Does the decision of the US Supreme Court have to be unanimous?

No. Sometimes verdicts are unanimous, but more often they are split down political and ideological lines. The Supreme Court has become increasingly polarized in the 20th and 21st Centuries, making unanimous decisions the exception, rather than the rule. On the Roberts' Court, many decisions are made by a vote of 5-4, with the conservatives and progressives unable to agree on many issues. Justice Anthony Kennedy, who has a mixed voting record, is typically the swing vote.

The Supreme Court requires only a simple majority vote to decide a case: If all nine justices are present, five of the nine must agree. The Court must have a quorum of six justices to hear a case.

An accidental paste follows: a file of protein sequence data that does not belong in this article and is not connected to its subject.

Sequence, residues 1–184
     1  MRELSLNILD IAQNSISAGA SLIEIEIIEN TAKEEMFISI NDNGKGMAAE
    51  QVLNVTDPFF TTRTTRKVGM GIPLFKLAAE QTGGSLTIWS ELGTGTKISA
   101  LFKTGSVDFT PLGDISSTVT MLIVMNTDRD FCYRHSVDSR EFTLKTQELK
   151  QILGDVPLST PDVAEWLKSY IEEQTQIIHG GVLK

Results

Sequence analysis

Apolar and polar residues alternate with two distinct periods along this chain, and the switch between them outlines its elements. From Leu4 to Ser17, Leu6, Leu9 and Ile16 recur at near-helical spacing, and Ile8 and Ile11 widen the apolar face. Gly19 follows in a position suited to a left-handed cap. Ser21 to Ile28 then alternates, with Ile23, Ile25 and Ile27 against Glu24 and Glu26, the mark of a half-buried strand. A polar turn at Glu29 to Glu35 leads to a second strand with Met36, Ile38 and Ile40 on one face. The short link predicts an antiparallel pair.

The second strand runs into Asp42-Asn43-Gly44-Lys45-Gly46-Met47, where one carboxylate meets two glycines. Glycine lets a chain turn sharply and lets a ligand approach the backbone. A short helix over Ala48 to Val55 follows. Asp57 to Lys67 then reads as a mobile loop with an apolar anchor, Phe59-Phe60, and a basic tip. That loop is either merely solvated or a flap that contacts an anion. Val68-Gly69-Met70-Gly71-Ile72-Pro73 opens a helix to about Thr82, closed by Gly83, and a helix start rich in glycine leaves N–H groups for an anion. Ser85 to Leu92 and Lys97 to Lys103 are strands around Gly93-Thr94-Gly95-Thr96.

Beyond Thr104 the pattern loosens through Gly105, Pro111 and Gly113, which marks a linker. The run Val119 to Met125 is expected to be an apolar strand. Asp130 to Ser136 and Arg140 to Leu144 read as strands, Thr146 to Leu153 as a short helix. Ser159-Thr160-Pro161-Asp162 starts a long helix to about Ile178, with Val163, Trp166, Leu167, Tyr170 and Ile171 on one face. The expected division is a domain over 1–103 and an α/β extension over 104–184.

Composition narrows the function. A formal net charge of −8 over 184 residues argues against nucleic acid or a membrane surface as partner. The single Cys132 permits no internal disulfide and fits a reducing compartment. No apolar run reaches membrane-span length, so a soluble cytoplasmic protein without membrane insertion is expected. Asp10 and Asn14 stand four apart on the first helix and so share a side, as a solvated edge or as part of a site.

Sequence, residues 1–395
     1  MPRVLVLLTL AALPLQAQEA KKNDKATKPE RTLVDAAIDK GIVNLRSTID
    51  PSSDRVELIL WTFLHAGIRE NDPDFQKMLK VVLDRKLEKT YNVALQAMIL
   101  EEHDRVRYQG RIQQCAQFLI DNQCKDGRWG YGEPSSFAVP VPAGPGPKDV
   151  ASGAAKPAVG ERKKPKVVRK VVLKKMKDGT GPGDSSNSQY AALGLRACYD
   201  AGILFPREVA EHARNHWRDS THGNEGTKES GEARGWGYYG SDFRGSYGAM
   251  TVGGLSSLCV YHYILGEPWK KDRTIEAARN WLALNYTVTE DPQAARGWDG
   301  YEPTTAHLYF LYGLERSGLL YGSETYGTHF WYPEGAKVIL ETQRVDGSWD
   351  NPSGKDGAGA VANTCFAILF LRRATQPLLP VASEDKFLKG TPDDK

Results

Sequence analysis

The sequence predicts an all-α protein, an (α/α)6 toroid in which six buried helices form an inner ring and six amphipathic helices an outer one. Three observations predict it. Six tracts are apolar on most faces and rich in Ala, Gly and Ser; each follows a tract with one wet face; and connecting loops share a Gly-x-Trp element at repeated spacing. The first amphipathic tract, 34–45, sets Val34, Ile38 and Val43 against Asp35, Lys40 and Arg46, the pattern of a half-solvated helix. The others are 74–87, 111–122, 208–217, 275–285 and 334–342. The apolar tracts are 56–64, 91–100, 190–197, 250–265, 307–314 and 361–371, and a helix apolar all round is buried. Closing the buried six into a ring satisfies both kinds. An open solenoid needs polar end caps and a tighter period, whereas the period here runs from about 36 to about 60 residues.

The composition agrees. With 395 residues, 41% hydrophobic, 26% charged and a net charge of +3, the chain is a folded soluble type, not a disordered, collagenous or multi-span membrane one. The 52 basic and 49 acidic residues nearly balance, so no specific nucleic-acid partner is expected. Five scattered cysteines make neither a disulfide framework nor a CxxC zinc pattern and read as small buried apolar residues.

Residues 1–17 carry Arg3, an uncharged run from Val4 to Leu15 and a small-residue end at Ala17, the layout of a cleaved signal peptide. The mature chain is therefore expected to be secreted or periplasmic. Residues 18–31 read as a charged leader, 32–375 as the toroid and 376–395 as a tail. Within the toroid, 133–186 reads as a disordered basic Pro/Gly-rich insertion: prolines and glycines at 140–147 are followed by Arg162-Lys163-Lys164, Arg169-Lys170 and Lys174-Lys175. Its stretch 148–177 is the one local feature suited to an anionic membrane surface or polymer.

YES, depending on the term. For the Court terms 2002-2014, Slate's Eric Posner reports that the Supreme Court handed down unanimous decisions in about half the cases they decided, while close 5-4 decisions were about 20% of the decisions. Fragmentation on the Supreme Court (close 5-4 decisions) was higher in the 1980's and before, but since about 1995 the fragmentation has been decreasing.

YES. Over the last sixty years, unanimous decisions have been almost TWICE as common as close 5-4 decisions. In the Roberts Court (2005 - present), unanimous decisions have been delivered by the Court in about half the cases decided. Reported by Slate's Eric Posner (Professor of Law at University of Chicago), and brenbarn.net